‘This Is Where I Leave You’ Contrived Ending Dampers Allstar Cast and Ripe Performances [Film Review]

By Janet Walters Levite
Janet Walters Levite
Janet Walters Levite
Janet Walters Levite is a Philadelphia Native living in Manhattan, New York. She is an optioned Screenwriter to Film Writer-Producer-Director HENRY BEAN. She is also a Film Critic and Entertainment / Content writer for BLAST MAGAZINE.COM and former FILM CRITIC for THE GUARDIAN LIBERTY VOICE, and Philadelphia's SCOOP USA newspaper. Janet Walters Levite is a Film and Pop Culture enthusiast, and lover of all things NYC.
September 20, 2014 Updated: April 23, 2016

After launching a film career 54 years ago in the 1960 film Tall Story, actress and former activist Jane Fonda is still blazing the silver screen in her film This Is Where I Leave You, and looking darn good doing it.   As well, Jason Bateman is finally getting a well deserved top billing status alongside Fonda. 

This Is Where I Leave You is a character-driven comedy chronicling the dysfunctional seven day gathering of a Jewish family sitting Shiva after the death of the family patriarch.  The story is centered around the character Judd Altman (Jason Bateman), a radio show producer who has recently left his wife after finding her in their bed with his boss, the popular radio show personality that he produces for. Not long after, Judd gets the news that his father has passed and he returns to the family homestead to sit Shiva at the behest of his mother who insists it was his father’s dying wish.

Sitting shiva (shiva literally meaning “seven” in Hebrew) is a mourning ritual where members of the immediate family gather for seven days at the home of deceased to receive guests.  The Altman shiva  serves as an unwelcomed opportunity for the family to come together, argue, hit on each others spouses, and come to physical blows over the future of the family business.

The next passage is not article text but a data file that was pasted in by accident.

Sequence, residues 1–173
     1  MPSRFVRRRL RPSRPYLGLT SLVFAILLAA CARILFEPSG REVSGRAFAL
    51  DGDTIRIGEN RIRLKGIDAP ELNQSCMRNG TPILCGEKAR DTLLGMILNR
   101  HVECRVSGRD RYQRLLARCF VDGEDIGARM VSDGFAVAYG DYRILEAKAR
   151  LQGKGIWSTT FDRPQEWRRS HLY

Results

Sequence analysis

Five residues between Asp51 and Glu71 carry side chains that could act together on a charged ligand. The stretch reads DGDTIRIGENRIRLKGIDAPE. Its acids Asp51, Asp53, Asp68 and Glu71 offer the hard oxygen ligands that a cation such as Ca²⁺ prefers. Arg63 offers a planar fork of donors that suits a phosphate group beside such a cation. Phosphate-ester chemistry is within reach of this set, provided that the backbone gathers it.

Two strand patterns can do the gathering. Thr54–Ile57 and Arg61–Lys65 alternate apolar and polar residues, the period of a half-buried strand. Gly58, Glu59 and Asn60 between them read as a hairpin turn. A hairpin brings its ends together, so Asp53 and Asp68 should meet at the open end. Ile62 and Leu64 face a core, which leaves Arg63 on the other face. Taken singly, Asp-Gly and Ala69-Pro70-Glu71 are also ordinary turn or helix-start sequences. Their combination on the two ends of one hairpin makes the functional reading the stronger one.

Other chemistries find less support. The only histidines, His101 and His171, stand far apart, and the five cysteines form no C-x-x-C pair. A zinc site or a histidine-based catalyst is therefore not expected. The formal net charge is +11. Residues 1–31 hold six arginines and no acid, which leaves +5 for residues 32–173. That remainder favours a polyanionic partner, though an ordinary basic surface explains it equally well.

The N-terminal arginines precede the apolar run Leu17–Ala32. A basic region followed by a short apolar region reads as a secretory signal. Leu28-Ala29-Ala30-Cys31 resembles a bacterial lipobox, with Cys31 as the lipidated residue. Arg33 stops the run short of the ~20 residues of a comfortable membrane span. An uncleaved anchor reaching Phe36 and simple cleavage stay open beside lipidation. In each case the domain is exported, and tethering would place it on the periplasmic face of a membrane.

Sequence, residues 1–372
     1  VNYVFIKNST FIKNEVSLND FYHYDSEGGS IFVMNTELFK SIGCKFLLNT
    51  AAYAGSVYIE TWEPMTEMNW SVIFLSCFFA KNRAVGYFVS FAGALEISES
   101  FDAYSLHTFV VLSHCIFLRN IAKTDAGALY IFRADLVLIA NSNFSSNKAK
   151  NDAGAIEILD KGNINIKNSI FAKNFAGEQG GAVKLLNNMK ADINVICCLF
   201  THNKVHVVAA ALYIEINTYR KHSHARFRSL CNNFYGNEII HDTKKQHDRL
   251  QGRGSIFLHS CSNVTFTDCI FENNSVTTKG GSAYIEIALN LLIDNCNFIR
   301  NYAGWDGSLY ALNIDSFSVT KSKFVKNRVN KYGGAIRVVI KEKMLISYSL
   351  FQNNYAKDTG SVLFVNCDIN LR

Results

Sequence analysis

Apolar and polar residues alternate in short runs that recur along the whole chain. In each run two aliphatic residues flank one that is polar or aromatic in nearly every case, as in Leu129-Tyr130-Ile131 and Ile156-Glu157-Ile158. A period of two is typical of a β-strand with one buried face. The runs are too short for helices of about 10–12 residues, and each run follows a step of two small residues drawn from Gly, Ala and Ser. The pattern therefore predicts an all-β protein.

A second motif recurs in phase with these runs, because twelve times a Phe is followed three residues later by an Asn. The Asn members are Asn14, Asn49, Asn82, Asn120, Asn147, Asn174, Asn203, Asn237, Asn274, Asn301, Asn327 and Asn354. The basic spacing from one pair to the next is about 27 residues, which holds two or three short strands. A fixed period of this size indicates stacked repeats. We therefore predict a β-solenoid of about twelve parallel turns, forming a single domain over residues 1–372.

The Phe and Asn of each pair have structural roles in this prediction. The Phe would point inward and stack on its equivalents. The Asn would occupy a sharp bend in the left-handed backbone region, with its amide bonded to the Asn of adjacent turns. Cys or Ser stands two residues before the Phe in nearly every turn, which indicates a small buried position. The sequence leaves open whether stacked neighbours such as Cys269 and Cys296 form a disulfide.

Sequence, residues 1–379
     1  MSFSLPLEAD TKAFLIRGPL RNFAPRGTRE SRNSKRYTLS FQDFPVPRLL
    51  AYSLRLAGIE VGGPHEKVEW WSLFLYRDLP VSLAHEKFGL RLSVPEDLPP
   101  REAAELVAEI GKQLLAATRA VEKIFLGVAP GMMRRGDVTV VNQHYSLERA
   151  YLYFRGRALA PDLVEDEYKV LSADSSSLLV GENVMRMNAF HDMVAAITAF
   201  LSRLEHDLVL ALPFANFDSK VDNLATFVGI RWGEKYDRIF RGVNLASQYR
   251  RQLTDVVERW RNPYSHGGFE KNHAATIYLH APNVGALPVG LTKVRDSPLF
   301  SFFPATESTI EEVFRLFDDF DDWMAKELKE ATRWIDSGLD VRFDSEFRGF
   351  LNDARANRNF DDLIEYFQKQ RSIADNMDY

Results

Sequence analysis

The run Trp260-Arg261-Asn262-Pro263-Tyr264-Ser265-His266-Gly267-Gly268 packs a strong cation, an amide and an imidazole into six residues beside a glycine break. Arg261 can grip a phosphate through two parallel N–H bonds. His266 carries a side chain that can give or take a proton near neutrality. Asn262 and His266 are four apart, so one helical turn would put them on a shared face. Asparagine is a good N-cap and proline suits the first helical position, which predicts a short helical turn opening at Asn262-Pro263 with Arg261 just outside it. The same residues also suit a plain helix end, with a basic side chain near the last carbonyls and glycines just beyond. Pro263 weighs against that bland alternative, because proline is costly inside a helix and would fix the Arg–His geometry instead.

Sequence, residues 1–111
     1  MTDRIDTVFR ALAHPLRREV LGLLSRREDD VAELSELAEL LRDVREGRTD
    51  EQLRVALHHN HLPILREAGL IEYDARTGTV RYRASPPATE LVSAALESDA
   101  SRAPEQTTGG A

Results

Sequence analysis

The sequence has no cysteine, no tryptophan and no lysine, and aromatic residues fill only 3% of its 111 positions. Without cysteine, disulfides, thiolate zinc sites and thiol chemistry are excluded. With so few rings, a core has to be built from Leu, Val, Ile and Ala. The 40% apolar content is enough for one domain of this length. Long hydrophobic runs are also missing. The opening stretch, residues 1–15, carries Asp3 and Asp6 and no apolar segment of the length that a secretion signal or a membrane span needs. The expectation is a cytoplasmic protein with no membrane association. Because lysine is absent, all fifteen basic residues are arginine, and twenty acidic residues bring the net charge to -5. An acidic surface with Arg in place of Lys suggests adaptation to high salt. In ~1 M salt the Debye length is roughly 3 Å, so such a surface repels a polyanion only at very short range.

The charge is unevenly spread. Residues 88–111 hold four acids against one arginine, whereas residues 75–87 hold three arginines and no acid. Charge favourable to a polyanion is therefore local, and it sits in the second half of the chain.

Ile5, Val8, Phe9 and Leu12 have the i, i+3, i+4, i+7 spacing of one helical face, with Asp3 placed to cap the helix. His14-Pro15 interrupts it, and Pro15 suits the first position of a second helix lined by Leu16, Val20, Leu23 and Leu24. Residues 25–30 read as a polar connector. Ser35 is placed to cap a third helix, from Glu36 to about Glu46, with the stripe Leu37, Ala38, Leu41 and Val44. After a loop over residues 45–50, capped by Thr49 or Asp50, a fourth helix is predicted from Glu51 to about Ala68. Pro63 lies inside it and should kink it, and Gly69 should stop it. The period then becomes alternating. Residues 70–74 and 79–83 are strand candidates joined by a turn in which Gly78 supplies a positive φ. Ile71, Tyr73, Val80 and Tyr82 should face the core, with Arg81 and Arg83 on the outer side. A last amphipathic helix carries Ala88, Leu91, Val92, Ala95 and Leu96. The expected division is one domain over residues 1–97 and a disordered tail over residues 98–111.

The family matriarch Hillary (Fonda) is a best selling novelist who has just had her breasts enlarged, but as well serves as the unifying force in the family.  Tina Fey stars as the only daughter Wendy, who has a baby and is at odds with an absentee husband.  She is also still in love with the neighborhood man she abandoned after an accident leaves him dim-witted.  In spite of her own problems she often serves as the voice of reason in the midst of chaos, and muscle in the midst of adversity.  Scene-stealer Adam Driver (The F Word)  co-stars as the floundering, unscrupulously candid, youngest child Phillip who is dating a psycho-therapist old enough to be his mother, and Corey Stoll co-stars as the more level-headed oldest sibling Paul who (much like the fictional character George Bailey from It’s A Wonderful Life) opts to helm the family business alongside his now deceased father rather than live his own dreams.

This Is Where I Leave You is adapted from the novel of the same name written by Jonathan Tropper. Tropper also pens the screenplay which indeed does sweep audiences on to an amusing ride of family dysfunction via ripe performances from an all-star cast.  Tropper’s characters are believable and empathetic.  Tina Fey as Hillary is built more upon rational balance than comedy.  You won’t find Fey here doing impressions and quick-witted one-liners.  This performance is far more human and less animated.

Bateman in the lead as Judd radiates once again as the king of sad-sack and deadpan.  Nobody portrays mortification and humiliation quite like Bateman, with the exception of  perhaps Steve Carell.  It’s a delight to see Bateman finally take top billing for a major release the likes of This Is Where I Leave You.  From a child actor on the hit tv sitcom Silver Spoons, to his teen and  heartthrob young adult years on the tv show The Hogans, it almost seemed as if Bateman’s career had failed until the early 2000’s when he rose out of the ashes of near obscurity to slowly garner roles in television and independent film releases.   He has been on a very slow but steady track to this current leading role and it’s been a pleasure watching his star rise. Nobody does mortification or straight-man amidst a sea of idiots better than Bateman.